Surprisingly, though, happiness isn’t much better at inspiring good decisions. Several studies have shown that people who were in a positive mood put more faith in the length of a message, rather than its quality, or in the attractiveness or likability of the source. Given that it’s typically the amicable job interview that results in an offer, this might explain some of the economic advantages that flow to tall men or attractive people.

Allow me to explain. If you are interviewing a job candidate and are in a good mood, if your mind is awash in positive thinking, if you are following your bliss, you are more likely to choose a candidate who is more attractive, even if the person is less qualified or less capable of doing the job.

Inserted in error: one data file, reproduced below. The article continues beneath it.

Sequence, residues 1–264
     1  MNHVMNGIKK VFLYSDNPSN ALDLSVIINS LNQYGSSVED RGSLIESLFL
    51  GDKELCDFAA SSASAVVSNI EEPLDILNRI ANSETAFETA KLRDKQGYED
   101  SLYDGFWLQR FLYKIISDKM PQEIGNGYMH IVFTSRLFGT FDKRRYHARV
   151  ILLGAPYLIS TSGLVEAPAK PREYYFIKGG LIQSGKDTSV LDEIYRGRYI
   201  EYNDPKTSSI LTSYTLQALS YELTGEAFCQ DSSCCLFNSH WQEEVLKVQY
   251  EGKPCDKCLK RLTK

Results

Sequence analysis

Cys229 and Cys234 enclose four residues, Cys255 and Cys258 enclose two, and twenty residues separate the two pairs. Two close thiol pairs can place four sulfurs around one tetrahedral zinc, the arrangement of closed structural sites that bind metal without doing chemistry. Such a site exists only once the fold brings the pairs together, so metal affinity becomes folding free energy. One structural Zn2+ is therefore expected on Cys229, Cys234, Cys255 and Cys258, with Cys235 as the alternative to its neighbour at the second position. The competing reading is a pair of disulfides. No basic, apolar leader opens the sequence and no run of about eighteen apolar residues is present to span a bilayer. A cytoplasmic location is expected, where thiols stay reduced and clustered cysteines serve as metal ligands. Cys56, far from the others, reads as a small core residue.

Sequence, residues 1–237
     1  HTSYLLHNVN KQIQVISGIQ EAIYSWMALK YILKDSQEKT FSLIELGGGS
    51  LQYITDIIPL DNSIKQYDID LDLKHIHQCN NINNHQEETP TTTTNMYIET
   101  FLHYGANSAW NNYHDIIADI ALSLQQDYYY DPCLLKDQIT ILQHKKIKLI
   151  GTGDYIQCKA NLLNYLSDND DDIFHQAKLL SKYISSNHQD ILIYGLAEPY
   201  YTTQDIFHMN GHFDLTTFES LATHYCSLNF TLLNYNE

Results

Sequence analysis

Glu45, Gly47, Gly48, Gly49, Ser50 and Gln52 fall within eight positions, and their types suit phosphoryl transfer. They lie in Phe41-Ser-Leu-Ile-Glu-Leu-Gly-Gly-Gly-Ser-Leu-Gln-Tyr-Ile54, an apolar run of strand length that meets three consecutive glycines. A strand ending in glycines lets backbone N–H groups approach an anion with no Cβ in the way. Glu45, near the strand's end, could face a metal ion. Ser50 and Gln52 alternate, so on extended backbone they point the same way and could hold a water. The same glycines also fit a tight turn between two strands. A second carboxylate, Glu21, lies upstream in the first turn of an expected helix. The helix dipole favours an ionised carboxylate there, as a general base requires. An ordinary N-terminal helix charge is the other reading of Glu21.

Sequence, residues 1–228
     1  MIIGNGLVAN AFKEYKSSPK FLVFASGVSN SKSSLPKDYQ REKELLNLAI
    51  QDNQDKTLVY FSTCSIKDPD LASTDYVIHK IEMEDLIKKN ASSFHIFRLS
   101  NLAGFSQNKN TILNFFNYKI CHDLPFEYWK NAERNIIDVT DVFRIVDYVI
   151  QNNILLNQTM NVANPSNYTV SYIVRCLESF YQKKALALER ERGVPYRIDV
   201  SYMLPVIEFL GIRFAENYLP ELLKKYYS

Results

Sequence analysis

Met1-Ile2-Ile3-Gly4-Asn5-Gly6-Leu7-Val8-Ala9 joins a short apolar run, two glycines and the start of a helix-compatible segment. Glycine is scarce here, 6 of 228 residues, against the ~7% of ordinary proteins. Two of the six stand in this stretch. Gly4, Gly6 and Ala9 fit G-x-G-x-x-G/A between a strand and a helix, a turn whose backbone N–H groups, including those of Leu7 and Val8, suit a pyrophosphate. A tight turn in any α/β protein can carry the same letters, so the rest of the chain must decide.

Happiness can deceive. It can cloud judgment.

But, what about sadness? Lerner suggests that some degree of sadness can make you more thoughtful, but that too much sadness can shut down your mind:

Under certain circumstances, sadness can be good, since it fosters systematic thought. The slightly melancholy, to whom no option appeals very much, will dutifully think, “on the one hand, x, but on the other hand y,” Lerner said. And that’s good! But too much sadness can set off rumination— “you keep thinking x, x, x, x,” she said—which is not going to get you any closer to signing on the dotted line (or not!) with satisfaction and relief.

What’s more, sadness might make you more impatient. A 2013 study by Lerner and others found that people who felt sad accepted up to 34 percent less money in order to get paid now, rather than three months from now. But at least it might make you more generous toward others: She’s also found that sad people allocate more to welfare recipients than angry people would, since the angry would likely blame poor people for their own misfortune.

Lerner concludes that we should not think that the right emotional state will naturally or automatically cause you to make a good decision. The point deserves emphasis.